At the battle of Helm’s Deep in The Lord of the Rings, the Riders of Rohan, led by their King Théoden who, only days before, seemed incapacitated and unable to control his kingdom, are besieged and outnumbered by the forces of Saruman, orcs, half-orcs and wild men of Dunland. As these forces breach the fortress’s outer wall, it seems only a matter of time before they will break through the final gate, defeating Théoden and destroying his kingdom.
But, in his darkest hour, the good king fretted in what he called a “prison,” longing to feel again “the joy of battle.” Even as he fears the end, he will not be taken “like an old badger in a trap” so, instead of hunkering down, the besieged (and seemingly defeated) leader elects to go on the offensive.*
The great horn of Helm rings out and Théoden leads his loyal troops, riding out to take on their relentless foes. His troops rally behind him while their adversaries “cried and wailed, for fear and great wonder had come upon them with the rising of the day.”
So too has President Bush rallied his base with the nomination early this morning of Samuel J. Alito, Jr. as Associate Justice to the U.S. Supreme Court. I just spent a couple hours reading conservative blogs and news sites and discovered a unanimity of support for this good judge among writers who were only recently divided over the nomination of Harriet Miers. William Kristol, one of the harshest critics of the Miers pick, wrote this morning that the president hit “a home run” in tapping Alito for the vacancy.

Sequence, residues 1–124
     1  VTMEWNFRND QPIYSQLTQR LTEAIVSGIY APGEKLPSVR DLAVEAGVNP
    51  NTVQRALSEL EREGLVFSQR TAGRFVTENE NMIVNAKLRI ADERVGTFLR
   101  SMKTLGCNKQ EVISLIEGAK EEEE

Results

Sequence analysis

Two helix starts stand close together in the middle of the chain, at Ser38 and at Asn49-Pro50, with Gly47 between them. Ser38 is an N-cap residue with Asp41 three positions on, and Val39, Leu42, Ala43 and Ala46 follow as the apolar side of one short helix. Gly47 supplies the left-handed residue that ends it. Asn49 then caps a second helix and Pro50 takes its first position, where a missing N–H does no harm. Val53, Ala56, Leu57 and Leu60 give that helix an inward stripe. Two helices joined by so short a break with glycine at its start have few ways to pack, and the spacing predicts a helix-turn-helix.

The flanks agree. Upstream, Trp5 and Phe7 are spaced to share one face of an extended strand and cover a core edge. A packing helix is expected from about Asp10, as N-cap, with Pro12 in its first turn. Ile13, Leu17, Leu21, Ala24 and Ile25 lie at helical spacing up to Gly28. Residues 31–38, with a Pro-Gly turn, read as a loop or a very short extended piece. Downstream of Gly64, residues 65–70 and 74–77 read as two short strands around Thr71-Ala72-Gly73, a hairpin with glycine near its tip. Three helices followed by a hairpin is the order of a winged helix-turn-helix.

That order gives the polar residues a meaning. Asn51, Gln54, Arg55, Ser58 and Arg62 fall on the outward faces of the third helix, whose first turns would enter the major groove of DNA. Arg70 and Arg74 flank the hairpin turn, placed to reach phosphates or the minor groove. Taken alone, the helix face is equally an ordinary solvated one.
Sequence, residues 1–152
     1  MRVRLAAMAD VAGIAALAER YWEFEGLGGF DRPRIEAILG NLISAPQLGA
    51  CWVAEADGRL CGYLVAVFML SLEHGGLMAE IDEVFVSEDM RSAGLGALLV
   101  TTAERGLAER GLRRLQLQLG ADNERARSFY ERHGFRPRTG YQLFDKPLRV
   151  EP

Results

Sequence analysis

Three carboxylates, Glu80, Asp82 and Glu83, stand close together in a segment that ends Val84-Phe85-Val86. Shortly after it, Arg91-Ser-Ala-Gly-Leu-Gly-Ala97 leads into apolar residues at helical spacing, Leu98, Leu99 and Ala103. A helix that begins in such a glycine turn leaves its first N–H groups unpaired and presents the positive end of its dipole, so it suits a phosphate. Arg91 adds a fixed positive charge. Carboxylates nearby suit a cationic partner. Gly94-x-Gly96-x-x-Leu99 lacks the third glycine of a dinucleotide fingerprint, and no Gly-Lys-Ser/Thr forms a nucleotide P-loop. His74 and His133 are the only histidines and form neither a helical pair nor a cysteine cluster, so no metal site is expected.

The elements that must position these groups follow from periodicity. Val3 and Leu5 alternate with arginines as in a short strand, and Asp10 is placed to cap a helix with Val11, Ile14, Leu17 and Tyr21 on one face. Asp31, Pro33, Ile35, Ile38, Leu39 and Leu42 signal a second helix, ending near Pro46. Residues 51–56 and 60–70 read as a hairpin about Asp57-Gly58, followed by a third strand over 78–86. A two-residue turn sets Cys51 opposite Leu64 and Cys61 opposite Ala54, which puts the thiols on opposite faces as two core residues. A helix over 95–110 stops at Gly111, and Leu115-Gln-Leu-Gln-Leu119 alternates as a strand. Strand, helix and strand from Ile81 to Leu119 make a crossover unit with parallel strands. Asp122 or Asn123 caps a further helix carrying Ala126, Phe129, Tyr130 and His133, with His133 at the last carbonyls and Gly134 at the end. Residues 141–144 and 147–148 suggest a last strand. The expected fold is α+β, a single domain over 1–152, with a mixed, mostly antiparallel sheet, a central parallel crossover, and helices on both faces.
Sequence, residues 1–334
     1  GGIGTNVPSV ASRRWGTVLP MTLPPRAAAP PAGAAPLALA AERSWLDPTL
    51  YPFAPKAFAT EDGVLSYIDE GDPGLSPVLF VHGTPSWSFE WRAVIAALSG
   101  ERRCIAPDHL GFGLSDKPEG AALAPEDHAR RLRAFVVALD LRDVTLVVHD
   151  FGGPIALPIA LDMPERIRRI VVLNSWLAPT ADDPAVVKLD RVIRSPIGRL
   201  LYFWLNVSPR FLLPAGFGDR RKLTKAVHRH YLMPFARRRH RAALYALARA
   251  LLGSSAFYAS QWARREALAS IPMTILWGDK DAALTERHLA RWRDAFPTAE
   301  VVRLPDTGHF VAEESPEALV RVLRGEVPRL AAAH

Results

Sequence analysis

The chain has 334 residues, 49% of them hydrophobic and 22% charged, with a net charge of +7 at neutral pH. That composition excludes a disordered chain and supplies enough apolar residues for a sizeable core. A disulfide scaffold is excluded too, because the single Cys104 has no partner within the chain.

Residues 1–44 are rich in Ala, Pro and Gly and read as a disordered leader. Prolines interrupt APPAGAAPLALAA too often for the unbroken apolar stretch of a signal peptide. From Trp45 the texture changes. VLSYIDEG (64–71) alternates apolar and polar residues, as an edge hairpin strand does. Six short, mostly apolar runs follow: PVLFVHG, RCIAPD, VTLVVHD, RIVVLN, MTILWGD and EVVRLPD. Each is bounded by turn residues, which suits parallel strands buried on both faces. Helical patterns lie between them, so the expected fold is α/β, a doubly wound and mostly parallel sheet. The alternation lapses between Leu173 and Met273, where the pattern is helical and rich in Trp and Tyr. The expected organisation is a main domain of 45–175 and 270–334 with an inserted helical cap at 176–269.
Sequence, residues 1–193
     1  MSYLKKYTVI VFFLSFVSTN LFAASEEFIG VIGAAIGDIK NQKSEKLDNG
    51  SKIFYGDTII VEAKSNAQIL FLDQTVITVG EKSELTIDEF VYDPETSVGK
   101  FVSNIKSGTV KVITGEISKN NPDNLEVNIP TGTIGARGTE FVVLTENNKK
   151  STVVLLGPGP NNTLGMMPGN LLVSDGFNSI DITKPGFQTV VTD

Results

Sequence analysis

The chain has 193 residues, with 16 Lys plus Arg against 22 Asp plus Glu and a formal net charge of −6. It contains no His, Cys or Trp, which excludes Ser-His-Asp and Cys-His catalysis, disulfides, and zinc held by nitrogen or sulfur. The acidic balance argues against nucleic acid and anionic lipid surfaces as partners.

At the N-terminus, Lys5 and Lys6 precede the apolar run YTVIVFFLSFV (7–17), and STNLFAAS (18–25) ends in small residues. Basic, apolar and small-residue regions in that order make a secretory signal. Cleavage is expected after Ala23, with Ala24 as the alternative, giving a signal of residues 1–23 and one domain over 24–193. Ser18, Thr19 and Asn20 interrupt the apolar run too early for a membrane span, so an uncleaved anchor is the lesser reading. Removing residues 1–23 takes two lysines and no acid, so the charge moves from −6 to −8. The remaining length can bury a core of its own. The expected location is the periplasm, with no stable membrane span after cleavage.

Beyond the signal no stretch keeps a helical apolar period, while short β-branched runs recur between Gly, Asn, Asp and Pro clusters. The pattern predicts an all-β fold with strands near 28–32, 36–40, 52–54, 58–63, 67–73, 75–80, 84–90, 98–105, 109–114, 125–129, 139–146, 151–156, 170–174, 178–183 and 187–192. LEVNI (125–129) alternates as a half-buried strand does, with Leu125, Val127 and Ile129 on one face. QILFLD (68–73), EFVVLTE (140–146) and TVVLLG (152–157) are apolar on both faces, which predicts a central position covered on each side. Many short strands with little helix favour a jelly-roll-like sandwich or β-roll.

While our adversaries have not yet fled in fear as did Saruman’s armies, they have already begun to tremble, wailing at this allegedly “extremist” pick. The president’s opponents will fight, but because the president made a bold move in appointing a conservative jurist, he has put himself back on the offensive. The left is playing defense now. If the president wants to ensure Judge Alito’s confirmation, to continue the progress in Iraq and to accomplish his domestic policy goals, he needs to keep them there.